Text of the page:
AAI, Utah, Sumed discussed on CBC Radio - Spark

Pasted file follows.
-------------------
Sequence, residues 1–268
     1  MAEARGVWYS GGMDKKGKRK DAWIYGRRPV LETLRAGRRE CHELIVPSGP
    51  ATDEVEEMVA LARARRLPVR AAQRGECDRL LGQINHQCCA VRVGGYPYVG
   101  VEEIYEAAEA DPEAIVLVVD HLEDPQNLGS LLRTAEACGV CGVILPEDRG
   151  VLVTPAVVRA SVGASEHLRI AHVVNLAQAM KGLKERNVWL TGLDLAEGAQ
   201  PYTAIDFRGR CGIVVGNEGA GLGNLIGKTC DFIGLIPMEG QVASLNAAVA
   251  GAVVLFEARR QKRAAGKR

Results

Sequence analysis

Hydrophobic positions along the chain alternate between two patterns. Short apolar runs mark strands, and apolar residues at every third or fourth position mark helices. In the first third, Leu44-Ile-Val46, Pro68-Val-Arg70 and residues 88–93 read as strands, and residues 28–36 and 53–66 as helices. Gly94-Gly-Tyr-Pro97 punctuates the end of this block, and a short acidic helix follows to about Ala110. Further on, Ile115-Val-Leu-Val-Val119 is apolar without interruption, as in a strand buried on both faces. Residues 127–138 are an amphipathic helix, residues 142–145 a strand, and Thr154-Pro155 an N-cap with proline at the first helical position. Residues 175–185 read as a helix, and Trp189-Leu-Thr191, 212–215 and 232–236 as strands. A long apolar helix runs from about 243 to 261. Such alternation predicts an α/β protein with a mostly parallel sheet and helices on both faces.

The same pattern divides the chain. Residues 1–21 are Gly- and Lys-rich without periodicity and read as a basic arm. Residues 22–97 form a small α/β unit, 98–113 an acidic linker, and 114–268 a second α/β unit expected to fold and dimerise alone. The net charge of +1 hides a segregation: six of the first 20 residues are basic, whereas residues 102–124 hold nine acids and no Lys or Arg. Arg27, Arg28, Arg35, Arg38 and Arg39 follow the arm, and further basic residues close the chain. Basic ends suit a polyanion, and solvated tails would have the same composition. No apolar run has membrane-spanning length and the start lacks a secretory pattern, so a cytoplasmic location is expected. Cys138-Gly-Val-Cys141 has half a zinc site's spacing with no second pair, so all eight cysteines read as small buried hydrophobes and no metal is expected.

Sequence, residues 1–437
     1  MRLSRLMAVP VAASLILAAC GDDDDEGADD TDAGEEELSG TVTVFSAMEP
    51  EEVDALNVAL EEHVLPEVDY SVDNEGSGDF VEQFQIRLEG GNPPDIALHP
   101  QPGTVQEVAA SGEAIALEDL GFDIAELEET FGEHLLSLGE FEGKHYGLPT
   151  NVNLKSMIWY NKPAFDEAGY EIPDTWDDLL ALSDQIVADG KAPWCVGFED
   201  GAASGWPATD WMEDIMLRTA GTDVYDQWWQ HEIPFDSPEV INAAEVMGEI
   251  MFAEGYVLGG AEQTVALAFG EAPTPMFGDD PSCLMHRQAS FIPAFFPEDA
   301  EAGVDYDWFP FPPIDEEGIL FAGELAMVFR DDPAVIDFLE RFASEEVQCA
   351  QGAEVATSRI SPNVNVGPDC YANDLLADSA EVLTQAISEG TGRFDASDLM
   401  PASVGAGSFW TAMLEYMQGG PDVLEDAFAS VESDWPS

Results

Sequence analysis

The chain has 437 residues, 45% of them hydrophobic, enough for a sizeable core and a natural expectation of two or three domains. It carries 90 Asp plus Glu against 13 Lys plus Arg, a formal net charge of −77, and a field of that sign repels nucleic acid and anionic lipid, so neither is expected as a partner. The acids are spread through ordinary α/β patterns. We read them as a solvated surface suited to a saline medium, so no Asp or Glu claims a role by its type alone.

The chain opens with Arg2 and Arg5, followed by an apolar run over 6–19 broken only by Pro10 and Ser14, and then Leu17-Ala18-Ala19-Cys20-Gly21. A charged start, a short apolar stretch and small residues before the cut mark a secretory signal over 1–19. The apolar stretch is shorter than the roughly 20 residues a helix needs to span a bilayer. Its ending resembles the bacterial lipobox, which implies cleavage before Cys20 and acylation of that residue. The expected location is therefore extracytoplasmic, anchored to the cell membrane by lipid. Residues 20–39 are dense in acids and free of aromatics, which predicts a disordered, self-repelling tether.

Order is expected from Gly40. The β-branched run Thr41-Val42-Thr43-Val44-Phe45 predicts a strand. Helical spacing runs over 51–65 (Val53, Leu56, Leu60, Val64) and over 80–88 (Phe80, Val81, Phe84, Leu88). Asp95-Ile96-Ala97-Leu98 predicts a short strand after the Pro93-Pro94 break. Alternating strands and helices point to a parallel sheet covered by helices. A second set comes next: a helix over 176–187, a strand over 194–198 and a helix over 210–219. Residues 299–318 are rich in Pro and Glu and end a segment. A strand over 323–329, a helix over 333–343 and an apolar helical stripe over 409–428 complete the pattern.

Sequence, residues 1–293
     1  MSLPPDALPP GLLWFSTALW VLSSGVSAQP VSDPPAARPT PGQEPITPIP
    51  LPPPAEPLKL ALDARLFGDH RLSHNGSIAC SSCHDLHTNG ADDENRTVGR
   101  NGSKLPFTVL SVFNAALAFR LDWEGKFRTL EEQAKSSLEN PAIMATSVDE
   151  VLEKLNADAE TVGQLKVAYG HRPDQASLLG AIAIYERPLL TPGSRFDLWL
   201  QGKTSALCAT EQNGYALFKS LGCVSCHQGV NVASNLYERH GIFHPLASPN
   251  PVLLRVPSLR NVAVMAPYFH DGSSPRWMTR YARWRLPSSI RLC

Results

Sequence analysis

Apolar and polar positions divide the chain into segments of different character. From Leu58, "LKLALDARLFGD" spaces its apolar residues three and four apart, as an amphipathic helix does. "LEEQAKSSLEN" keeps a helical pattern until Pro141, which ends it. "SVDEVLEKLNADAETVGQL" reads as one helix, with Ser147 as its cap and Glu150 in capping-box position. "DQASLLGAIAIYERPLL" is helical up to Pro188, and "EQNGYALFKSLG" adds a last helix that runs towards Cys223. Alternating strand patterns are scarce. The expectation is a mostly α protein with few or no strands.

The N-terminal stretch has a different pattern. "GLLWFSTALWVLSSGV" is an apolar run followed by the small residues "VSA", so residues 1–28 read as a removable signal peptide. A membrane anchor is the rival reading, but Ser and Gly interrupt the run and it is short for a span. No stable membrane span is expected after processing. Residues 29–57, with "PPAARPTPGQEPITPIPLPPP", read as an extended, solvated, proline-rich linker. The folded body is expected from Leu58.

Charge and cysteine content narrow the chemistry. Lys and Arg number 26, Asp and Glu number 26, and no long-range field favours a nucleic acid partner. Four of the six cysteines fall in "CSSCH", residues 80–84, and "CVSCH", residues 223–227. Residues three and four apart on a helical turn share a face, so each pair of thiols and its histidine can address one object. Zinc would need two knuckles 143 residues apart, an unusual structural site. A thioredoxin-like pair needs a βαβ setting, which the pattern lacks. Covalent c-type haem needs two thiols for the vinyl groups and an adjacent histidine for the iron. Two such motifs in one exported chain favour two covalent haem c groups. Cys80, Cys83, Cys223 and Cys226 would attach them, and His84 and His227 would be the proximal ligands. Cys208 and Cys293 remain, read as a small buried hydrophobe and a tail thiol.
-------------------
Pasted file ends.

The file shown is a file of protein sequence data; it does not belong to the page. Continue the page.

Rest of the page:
Utah already brought up the aspect of machine learning that we're going to talk about today data. It's what fuels machine learning. The traditionally computing relied on humans, writing rules that computer would then have to follow in machine learning the computer looks at data and creates patterns to help it understand the world. It predicts how things will act in the future and then makes decisions based on those predictions. And the data is the information that the machines us to learn and to to grow their knowledge. But in raw form, the big data sets used to train AAI are bound to contain information that is relevant or that's confusing. So it needs to be refined to be cleaned. One of the things we want to do when we create data sets for machine learning engines is we want to increase the signal and decrease the noise meaning that we want to emphasize the dominant patterns or the the patterns that are going to use to allow the the machines to make useful decisions. But in the pros. Of doing that. We clean out what we call the outliers or the edged data because that makes it more difficult to draw conclusions. The problem is that outlier data isn't actually a relevant. It can represent the experience of real world people. How does that process of cleaning the data and up excluding those who are outside the norm, like people with disabilities? Well, people with disabilities are different and they're usually different from the average. And so they tend to lie at that jagged edge of outlying data. If you take any population and you plot their needs or their characteristics on a three dimensional scatter plot, it looks like an exploding star where you have a bunch of dots in the middle. And then as you get further from the middle, they spread out a lot. So what happens when a big data system or data cleaning engine or a norm engine cleans the day. Data or norms the data. Those individuals are actually taken out of the data set. So we eliminate the noise we limit the outliers. So somebody's experience who's hazardous ability or is otherwise different from the norm is treated as noise. Exactly, right. So what would be some real world affects only this cleaned data? Oh, there's quite a few effects. I don't think we've seem to realize how many places we Hughes machine decisions in say, there's a large firm and they get a thousand applicants for a desirable job. What they'll do is they'll use a machine decision system to filter out those CV's or the resumes that are there to determine what are say, the ten or eleven people they're going to interview. Well, if you are unusual, if you have an unusual resume, which most people with disabilities or people who are in the minority are likely to have, then you're never going to make that list of ten. Are there any examples based on personal experiences of people that you know who have disabilities who encountered issues? Yes, actually encounter them quite a bit, but one example that quite scared me. I had the opportunity to work with a number of automated vehicle projects, so I could play with some automated vehicle simulations that simulate what a car will do give an particular decision. And I brought to this scenario, an example, which is a friend of mine who actually propels his wheelchair by going backwards he has through palsy is his legs. A quite strong is not very controlled, but he can move very, very quickly backwards. And so I ran that scenario and low and behold the car chose not to stop because it is Sumed he was going forward. And so he ran the car simulated car over him. The interesting thing for me has been that a machine learning. And making these phenomena manifest in machines has started to get us to think about how we do research in general and how we address people who are outliers are different. And one of the things that we do is we assign particular characteristics or assumptions to particular group of individuals. And in fact, the greater confidence is about our knowledge of that category. The more difficult it is if you don't, in fact fit the category or if you don't follow those those assumptions or presumptions that people have about you, which you know the promise of this approach to machine learning and the promise of big data.